Weight loss, fat loss, who cares? They are essentially the same thing…right? While it might seem pedantic at first, the difference between the two terms is quite important, despite the fact that most people (myself included) tend to use the terms interchangeably—we most likely mean fat loss. If this does not make immediate sense, fear not! My plan today is to illuminate why the idea of weight loss, by itself, is not the entire story, and that fat loss is arguably the more important metric by which we should judge a “weight loss” diet. In doing so, I also aim to show you what the body is comprised of (i.e. body composition); a handful of different ways we can measure it; and, somewhat counterintuitively, why weight by itself actually is an important metric and how you can use it intelligently to achieve your dieting goals. What will become evident, as will be the case in most if not all of my posts, is that things are a little more complicated than they appear.
First: a simple example
To begin to illustrate a point in the simplest way possible, envision the following scenario: You wake up in the morning, minimal clothing, stumble to the bathroom and weigh yourself on your scale. Let’s just say you weigh 150 lbs. (A weight chosen to equally offend everyone.) You then proceed to “decaffeinate” (as my former PhD advisor would say), as well as take part in the process of egestion. (You guessed it, the exact opposite of ingestion.) You then weigh yourself again: 147.5 lbs. Within minutes no less! Now, obviously you didn’t lose 2.5 lbs. of body fat. If only it were that easy…
What we just illustrated in that ever-so-relatable example is the concept of body weight and the beginnings of the fact that your body’s weight is made up of more things than just fat. Which brings us to the concept of body composition.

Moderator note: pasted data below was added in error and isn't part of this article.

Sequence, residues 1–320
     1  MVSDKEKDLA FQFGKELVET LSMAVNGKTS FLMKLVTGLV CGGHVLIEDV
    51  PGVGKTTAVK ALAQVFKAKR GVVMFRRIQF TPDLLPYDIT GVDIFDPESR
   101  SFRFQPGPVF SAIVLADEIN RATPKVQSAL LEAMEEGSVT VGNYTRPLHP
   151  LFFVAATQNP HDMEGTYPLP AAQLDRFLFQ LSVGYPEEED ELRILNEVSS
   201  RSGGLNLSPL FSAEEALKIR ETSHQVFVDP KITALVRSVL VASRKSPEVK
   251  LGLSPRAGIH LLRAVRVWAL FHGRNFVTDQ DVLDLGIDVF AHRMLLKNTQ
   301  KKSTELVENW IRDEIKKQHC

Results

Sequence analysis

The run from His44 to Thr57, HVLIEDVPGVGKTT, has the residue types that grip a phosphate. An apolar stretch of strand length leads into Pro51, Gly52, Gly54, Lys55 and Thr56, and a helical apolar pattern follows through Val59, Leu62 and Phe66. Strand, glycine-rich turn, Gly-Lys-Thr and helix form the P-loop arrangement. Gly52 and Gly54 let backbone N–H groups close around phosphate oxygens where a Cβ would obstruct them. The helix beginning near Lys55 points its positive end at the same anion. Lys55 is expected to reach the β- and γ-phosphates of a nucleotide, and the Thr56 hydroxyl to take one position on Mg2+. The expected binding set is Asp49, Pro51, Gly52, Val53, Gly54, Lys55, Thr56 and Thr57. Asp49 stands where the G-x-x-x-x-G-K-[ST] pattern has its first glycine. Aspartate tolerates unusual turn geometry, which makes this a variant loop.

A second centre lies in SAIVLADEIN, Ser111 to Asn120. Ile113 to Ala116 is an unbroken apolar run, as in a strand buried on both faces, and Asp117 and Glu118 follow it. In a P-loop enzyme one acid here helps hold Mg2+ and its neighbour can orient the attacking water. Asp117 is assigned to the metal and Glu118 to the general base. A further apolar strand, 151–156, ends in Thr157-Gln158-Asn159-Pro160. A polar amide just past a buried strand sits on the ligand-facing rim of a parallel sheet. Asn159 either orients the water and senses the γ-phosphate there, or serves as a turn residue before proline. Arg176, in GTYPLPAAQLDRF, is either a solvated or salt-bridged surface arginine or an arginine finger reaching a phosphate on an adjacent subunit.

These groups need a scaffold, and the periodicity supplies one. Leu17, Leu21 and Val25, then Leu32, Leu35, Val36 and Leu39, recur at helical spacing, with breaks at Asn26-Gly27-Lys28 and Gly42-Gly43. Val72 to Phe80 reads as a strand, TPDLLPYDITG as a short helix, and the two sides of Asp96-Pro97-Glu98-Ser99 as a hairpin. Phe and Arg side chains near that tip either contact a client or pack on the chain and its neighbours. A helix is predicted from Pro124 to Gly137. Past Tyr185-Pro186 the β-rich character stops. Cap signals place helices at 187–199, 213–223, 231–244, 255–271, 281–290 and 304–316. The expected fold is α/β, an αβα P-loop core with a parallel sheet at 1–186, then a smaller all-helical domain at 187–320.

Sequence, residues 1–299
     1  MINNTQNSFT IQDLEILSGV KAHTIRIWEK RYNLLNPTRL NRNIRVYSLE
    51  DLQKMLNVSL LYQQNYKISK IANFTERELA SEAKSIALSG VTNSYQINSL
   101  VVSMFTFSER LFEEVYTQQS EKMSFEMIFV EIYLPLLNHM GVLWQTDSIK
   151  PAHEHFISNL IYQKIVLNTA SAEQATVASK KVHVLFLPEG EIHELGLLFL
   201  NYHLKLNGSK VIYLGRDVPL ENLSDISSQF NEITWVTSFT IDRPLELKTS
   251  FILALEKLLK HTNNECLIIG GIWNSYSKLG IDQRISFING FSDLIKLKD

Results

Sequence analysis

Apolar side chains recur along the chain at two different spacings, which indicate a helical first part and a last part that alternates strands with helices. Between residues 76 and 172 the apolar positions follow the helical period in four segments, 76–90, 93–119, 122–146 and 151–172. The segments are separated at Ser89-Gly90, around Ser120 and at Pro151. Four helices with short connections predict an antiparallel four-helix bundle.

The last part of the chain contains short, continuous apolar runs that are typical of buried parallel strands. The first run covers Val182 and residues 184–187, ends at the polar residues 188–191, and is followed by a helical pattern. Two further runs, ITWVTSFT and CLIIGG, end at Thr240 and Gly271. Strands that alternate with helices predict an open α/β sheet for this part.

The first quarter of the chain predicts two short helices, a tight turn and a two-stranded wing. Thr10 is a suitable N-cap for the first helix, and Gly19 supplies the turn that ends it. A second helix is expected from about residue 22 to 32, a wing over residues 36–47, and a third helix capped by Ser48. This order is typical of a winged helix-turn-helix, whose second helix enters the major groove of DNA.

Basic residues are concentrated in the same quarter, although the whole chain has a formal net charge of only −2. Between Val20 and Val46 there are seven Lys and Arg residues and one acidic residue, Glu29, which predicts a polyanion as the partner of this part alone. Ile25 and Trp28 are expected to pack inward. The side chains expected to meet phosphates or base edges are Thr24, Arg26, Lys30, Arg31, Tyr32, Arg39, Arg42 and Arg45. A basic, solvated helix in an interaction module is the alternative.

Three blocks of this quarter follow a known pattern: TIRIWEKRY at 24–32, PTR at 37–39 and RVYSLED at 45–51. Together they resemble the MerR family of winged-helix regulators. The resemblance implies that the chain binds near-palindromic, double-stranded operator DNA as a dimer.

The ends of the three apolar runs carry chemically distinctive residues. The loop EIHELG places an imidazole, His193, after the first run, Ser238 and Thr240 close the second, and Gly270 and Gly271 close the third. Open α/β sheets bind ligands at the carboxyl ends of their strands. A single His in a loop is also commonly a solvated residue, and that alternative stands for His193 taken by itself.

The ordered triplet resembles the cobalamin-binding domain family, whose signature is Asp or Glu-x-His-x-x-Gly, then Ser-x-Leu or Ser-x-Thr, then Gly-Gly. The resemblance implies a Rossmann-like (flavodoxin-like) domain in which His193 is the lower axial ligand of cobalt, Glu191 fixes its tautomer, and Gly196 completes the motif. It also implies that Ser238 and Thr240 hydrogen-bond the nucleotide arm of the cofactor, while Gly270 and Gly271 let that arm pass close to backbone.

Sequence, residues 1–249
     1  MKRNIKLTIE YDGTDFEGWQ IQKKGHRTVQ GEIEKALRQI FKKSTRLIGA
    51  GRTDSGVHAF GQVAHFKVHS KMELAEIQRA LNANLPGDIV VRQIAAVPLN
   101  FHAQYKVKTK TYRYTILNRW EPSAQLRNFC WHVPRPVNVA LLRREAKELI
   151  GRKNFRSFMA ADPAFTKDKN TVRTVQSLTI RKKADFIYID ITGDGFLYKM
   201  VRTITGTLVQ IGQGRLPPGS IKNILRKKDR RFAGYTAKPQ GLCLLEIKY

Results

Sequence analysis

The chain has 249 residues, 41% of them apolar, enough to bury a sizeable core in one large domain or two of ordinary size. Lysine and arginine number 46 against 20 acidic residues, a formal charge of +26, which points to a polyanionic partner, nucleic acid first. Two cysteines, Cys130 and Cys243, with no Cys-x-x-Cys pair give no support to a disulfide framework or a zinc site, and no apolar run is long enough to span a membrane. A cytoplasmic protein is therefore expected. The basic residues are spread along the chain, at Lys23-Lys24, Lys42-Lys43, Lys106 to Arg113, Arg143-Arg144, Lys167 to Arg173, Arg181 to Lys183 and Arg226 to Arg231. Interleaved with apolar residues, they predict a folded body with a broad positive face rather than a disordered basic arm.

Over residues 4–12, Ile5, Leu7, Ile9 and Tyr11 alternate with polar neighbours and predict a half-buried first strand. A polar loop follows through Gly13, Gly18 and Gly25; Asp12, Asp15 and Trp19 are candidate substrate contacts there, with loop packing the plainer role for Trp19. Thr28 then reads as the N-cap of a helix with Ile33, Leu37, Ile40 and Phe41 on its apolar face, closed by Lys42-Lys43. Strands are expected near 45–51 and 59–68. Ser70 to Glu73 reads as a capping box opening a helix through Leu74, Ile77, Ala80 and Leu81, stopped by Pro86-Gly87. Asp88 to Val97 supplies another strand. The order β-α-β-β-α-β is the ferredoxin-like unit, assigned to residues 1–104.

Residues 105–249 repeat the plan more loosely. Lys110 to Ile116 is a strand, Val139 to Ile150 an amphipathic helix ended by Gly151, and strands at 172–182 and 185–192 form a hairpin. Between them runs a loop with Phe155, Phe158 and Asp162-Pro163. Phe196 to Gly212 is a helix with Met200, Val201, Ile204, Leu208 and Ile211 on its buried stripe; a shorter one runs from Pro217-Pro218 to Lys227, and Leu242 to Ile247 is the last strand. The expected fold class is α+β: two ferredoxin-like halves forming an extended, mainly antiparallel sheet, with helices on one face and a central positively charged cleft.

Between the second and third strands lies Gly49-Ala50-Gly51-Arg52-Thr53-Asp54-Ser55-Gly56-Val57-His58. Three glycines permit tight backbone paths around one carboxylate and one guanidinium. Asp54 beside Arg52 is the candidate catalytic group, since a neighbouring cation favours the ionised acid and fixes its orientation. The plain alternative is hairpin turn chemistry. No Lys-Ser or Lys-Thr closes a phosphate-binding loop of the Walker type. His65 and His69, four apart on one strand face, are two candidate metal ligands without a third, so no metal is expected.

Body composition: what you are (quite literally) made of
The absolute “Gold Standard” for evaluating body composition is, well…dissection. Obviously, this is not practical for evaluating the composition of the body in living people, but historically, these types of analyses have been done, and the body compartments have been categorized and inventoried.
From the most superficial level of analysis, we can categorize your body into two compartments: fat and then everything else. This is literally called a two-compartment model, and many of the techniques used to estimate body composition in living humans are based on this fundamental concept .
Thus, you are made up of fat mass (FM) and everything that is, by definition, not. Everything that is not fat is lumped together and termed fat-free mass (FFM). (How clever.) I should note that you will often hear people use the term lean body mass (LBM) interchangeably with FFM. For the purposes of this piece, I will consider the two equivalent, although, technically, they are not. (We have our pedantic plates full enough as it is!)
To place the two-compartment model in mathematical terms, your total body weight (TBW) is as follows:
TBW = FM + FFM
Simple enough. Well, sort of. In reality, the FFM portion can be delineated even further into everything that it is comprised of—i.e. body protein that makes up skeletal muscle and your organs; minerals that make up your bone; glycogen (the storage form of carbohydrate); and, as already illuminated at the beginning of this piece, body water. Additionally you have weight that comes from residual, undigested food in the GI tract (i.e. feces), but this is not a part of your body, per se. Thus, our simple two-compartment model can be expanded to incorporate more compartments that are better defined:
TBW = Fat + Protein + Bone + Water + Glycogen
And there you have it, a full breakdown of all the components of your body that contribute your body’s weight. For the average “Reference Man” this amounts to ~15% body fat, ~45% muscle mass, ~15% bone, and ~25% other (i.e. water and glycogen for the most part); and for the average “Reference Woman”, body composition amounts to roughly ~27% body fat, ~36% muscle, ~12% bone, and ~25% other . Obviously, there is wide variation in these averages, but men tend to be bigger and have more lean tissue whereas women are on average smaller and have proportionally more fat tissue.
Returning to our initial distinction between weight loss and fat loss, it now it obvious that a simple weight change on the scale can indicate a change in any one of these body compartments. Clearly, when people engage in a weight loss diet, their goal isn’t to lose body water—and certainly not muscle mass, organ weight or bone mineral density, despite all compartments decreasing during an energy deficit. Rather, the goal is, implicitly, to lose body fat. That is what people want.
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